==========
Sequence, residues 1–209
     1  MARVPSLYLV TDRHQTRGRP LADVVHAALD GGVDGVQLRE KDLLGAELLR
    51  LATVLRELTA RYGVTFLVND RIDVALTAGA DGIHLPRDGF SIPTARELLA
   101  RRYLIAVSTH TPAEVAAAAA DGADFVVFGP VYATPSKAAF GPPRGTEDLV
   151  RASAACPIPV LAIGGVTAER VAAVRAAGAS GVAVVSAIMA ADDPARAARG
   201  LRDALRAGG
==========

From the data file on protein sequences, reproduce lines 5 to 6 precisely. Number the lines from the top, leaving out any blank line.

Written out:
   151  RASAACPIPV LAIGGVTAER VAAVRAAGAS GVAVVSAIMA ADDPARAARG
   201  LRDALRAGG